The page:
Friday, October 17, 2014


Polls right now favor Republicans in the upcoming House and Senate elections.

There are an increasing number of people who are unhappy with both parties.  I would be in that number.  Amnesty for illegal aliens is merely one of several issues that has separated me from the Republican Party in the last few years.  The Democrat Party's support of gun bans, unions, public sector unions, and nationalizing the health care system put them far beyond the pale.  Both parties are corrupt and lean toward the fascist economic model.

Nobody is perfect.  I loved Ronald Reagan, but he wasn't perfect.  I guess it goes the other way, too.  I detest Bill Clinton, but, compared to Obama, the worthless, lying, gun-grabbing, philandering SOB wasn't so bad.

The real difference between me and so much of my cohort from the '60s is that I have never had and have not now any use for authority beyond God and my parents.  Period.  No king but King Jesus.  Unfortunately, we seem to have reached a point where most people are only unhappy with authority they do not control.  They are fine with totalitarianism so long as it favors them and crushes the opposition. 

Republican voters -- me included, to my shame -- supported Bush despite Medicare Part D, No Child Left Behind, his push for amnesty, the Patriot Act, and the Department of Fatherland Homeland Security. 

I have awakened.  Possibly other people are starting to.  From the BI article linked above:

Republicans need to gain a net of six seats to win a majority in the Senate. They are also hoping to widen their advantage in the House. Though the pair of polls spelled bad news for the Democrats, the WSJ/NBC News pollsters noted a strong chance of "unexpected results" due to an unusually "volatile environment" created by military operations against the jihadist group Islamic State, the ebola epidemic, voter discontent, and signs of unusually high support for third party candidates.  

(Link from original)

This might be a sign that neither party has much to offer that we really want.  I rather hope that people are starting to lose confidence in the current two-party political system and in the whole idea that we should invest the federal government with unlimited power to control our lives.

There is a certain amount of insecurity in liberty.  You can fail.  Things can go wrong.  It's not always fair.  But it's a lot more fun. 


  1. Yep. I'm with you on my distancing myself from the Republicans. I'll vote for my congressman since he has shown himself to be very conservative. For Senate? Ed Gellespie? Former RNC head and Bush Staffer? I may vote for the Libertarian, even though he is not somebody I particularly like, to send a strong message -as they say.

    Feels good to sit this election cycle out -as in not work for the party. I'll still vote.

  2. I'll be the same way in 2016 when it will most likely be Blunt versus Nixon. I can't stand Nixon, but he not much more of an establishment, big-government jackass than Blunt is. I may break down in the end, but, right now, Libertarian sounds best.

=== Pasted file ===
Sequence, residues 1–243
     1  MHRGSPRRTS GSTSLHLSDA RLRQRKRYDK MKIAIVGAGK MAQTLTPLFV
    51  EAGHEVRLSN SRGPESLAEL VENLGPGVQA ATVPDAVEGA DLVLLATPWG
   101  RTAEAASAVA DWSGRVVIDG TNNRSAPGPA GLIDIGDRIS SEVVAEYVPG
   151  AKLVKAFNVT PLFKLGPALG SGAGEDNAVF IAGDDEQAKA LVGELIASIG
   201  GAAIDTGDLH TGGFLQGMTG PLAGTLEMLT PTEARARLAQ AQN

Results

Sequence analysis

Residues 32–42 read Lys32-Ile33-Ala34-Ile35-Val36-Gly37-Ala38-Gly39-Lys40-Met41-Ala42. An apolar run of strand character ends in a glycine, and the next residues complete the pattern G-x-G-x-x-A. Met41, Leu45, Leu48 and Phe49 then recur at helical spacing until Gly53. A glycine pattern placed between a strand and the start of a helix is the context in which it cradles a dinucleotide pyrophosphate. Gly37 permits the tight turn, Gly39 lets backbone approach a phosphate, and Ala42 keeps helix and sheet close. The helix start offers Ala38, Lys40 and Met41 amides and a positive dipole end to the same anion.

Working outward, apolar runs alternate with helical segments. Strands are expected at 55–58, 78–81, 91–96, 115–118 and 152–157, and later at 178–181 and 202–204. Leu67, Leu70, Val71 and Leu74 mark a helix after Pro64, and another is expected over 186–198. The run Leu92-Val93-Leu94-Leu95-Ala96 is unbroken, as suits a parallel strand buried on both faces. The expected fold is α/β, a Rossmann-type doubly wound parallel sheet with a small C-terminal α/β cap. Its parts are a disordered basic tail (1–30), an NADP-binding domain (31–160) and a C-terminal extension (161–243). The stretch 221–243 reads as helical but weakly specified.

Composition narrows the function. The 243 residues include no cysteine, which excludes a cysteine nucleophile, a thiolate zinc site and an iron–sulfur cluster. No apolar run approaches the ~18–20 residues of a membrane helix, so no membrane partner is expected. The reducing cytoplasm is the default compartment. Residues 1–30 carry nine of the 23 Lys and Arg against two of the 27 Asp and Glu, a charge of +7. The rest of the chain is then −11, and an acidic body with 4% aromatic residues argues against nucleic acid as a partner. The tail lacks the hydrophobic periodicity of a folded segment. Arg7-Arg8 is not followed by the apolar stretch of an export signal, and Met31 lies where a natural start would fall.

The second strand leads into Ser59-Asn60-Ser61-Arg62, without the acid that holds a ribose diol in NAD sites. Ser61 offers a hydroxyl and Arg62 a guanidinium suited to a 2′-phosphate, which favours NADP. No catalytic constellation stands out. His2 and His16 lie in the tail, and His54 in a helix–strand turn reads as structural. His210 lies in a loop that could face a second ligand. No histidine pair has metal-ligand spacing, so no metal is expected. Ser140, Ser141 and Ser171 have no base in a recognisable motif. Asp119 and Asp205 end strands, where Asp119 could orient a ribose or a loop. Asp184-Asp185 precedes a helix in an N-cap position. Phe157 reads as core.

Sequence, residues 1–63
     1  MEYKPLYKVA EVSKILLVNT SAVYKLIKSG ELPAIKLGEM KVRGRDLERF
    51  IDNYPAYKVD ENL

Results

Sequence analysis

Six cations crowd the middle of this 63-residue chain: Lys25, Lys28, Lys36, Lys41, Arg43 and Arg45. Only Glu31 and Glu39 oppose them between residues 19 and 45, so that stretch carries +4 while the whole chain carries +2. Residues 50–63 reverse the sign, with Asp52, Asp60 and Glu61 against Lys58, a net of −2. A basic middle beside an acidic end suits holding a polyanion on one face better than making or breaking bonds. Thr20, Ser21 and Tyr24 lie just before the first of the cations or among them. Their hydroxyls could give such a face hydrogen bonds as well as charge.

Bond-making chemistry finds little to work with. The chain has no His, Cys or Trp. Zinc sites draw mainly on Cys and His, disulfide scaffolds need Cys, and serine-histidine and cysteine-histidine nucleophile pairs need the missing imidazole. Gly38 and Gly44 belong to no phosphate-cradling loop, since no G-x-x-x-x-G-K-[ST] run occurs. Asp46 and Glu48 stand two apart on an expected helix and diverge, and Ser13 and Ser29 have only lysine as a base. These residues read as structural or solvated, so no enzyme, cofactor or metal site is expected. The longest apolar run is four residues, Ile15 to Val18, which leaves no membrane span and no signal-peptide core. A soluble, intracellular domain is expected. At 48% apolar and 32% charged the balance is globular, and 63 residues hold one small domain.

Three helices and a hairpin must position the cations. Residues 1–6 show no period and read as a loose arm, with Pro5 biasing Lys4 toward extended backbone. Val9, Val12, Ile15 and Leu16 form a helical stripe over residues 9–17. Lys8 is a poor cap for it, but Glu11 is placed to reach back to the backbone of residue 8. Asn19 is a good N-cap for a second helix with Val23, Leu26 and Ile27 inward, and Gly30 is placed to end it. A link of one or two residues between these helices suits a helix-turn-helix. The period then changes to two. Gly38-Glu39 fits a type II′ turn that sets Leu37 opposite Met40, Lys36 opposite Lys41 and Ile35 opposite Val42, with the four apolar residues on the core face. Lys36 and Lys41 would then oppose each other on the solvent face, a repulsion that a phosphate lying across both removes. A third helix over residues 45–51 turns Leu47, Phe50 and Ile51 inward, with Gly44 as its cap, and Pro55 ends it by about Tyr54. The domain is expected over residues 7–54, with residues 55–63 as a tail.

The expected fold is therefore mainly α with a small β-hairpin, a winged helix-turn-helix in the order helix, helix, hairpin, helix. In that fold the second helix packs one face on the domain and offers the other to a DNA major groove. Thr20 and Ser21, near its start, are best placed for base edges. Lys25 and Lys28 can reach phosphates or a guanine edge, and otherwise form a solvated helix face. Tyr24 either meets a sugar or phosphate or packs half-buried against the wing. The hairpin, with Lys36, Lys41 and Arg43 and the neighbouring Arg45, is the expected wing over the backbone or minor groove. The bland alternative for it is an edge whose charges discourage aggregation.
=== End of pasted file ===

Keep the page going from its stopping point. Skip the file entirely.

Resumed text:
1. Here in NZ a decade or more ago we moved from what was essentially a two party system such as you have in the USA to proportional representation. It is designed to create more 'representative' parliaments / Governments, and while it has to some extent, notably with the inclusion of the Greens (in opposition) and a minor libertarian party ACT on the right, not much has really changed.

      I have supported ACT because like the Republicans, our National Party has forgotten it once had a philosophical base, and has become the party of pragmatism. All of those nanny state programs they railed against while (briefly) in opposition, they kept and fostered the moment they became Government again.

      The problem IMHO is not the electoral process, or politics per say, it’s culture. As Mark Steyn has correctly opined, “Culture trumps politics every time”. We will therefore not see any significant change politically, until we see a change culturally in our nations. I might add, for better or worse.

    2. True that. That's why I'm getting less worked up over politics than I used to. I thought I could change things politically but, as you said, it's the culture that needs changing.

      I'm not sure I can do much about that.

      That puts me at what, Stage 5? Acceptance?

    3. Hi John

      Did you know in its short life, a honey bee makes one teaspoon full of honey?

      I think if we run with what God has placed in our hand to do, then we can leave the rest to Him.

  3. A teaspoon full of honey. Perspective is a good thing.

    1. Ooops, seems I was wrong. A friend had told me 'one teaspoon' and reflecting on it I decided to check - the correct answer is between 1/10th and 1/12th of a teaspoon of honey. :-)